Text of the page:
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Canadian Urbanism Uncovered

The Online Campaign’s Muddy Trenches

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A selected image from the Spacing Vancouver Flickr pool. Image courtesy of Rick Forgo.

Since you’re the kind of person to read online election articles, you probably already know that the three major parties – Vision, COPE, and the NPA – are all strongly represented online, along with independent candidate Sandy Garossino, veteran of the casino fight, and others.

This is the election where social media finally becomes the make-or-break campaign tool, say the pundits, just as they’ve said for every election in recent memory. I disagree, and I disagree as someone who recently managed a election’s “social media candidate” (the exact race is not important, but I have never had any role with any Vancouver party or candidate).

On Facebook, we had the most friends, and both a page to “like” and a discussion group to join. On Twitter, we were one of the most prolific campaigns, but also the most likely to engage in an actual dialogue. Our YouTube videos allowed comments, as did the in-depth blog posts we were constantly rolling out with detailed links to relevant articles. We answered pretty much every question directed our way on the local forum while most candidates ignored it, and we did an in-depth interview with a local blogger in addition to all the surveys we knew would end up online.

The media ate it up. Never mind that we knocked on ten thousand doors, that we ran an essentially car-free campaign, or that the candidate was from a completely non-traditional demographic with endorsements from political veterans – all the media wanted to talk about was social media, and always with our candidate. We indulged them grudgingly, and sure enough were defeated (conclusively) by an incumbent who barely had a website and just splashed his face on mail-outs and a mobile billboard next to a polling station. I tell this story not to scare anyone away from social media, but to try to remind them that it is a fickle tool to use effectively and that it is not going to help them as much as they might think.

In this campaign, I’m not convinced that anyone really gets platforms like Twitter, except maybe Garossino (and obviously I’m not sure whether that will matter). COPE is generally the most positive, popping in to share some inspirational campaign video, but never sticking around to talk policy in much depth. The NPA is by far the most active, having sent multiple tweeting candidates to the Courier. They are, however, an unrelenting wave of retweeted negativity whenever there’s some piece of a damaging news story that can be repeatedly sent out in 140 characters – even if the rest of the story contradicts that piece.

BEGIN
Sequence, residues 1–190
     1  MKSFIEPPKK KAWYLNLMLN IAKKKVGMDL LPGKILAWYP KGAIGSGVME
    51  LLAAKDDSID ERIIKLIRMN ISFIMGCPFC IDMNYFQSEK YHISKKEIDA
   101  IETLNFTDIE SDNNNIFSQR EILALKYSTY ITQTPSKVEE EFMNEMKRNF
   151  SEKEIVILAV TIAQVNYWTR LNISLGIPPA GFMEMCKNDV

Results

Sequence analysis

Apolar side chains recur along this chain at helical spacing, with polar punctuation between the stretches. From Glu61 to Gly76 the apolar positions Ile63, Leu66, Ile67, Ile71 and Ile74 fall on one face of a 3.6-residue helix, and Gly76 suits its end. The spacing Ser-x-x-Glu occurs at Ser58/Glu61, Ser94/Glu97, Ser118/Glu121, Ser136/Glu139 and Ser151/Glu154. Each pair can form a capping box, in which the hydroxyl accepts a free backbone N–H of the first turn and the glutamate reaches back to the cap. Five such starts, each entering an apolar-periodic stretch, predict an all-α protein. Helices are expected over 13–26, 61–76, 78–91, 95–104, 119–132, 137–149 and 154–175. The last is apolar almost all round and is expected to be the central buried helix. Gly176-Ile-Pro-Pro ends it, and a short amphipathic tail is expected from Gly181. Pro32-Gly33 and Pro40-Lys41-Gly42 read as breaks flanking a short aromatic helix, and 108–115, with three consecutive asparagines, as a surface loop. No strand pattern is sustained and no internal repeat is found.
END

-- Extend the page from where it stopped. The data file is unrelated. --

As for Vision, the main account is consistently useful to track events and platforms, but the candidates are generally absent in deference to a few unbranded party insiders and supporters. Then, yesterday, suddenly these accounts exploded their own wave of negativity over revelations that NPA candidate Jason Lamarche wrote something four years ago on a personal blog that could be construed as sexist. Not to be outdone, the NPA’s Sean Bickerton fired back with just about anything he could think of after quickly tiring of the moral high ground approach. Interestingly, Vision seems to have adopted the same strategy the NPA apparently developed and abandoned.

Dragging up the original blog post may have been out of line, but his original reaction to the media, or his decision to wait a week before taking it down, seem to me to be fair game – just like everyone else’s reactions are relevant to their character and to voting decisions. The article itself is relatively tame, even in the criteria he used (though “good in bed” isn’t the best wording). The problem is the application of numbers, of reducing people to a score and then ranking them against each other. Misogynistic, sure, but it speaks to me of a willingness to make inevitably subjective decisions with the calculator rather than the heart – and that’s highly campaign relevant.

Unfortunate as it was, perhaps the mud-slinging was inevitable. This was a slow week in the campaign, to say the least. Ploddingly slow. Mind-numbingly slow. Each of the three main parties released just one real policy plank outside what might as well have been a joint Vision/NPA economic platform with zero surprises: build on strong trade relationships, keep taxes low, favour small businesses, continue to shift property tax from commercial to residential, make Vancouver a centre for technical innovation, and support the creative sector.

Vision’s plank was to create 10,000 square feet of artist’s space – not enough, and unsubsidized new space is not a replacement for old, responded some of the city’s artists. COPE’s plank was to ban shark fin soup – a fine goal, but honestly nowhere near enough to hang a campaign around, even for this vegetarian writer. The NPA plank was to introduce privately operated boat and bicycle rentals to parks to help with the budget. Aside from the public/private debate, including whether or not these would compete with existing rental outfits or the city’s planned bike share, this one should really be a no-brainer. Anton’s plan to end Occupy Vancouver by directing city staff to end Occupy Vancouver, on the other hand, is tautology at its finest.

This week brought plenty of back-and-forth as to who was more interested in policy debates than mud-slinging, but little evidence that anyone truly was. Of course, when opening your mouth just makes room for a clod of dirt, that’s not exactly a great surprise.


Spacing Vancouver will continue to bring you periodic updates as the race progresses – you can find the complete list here.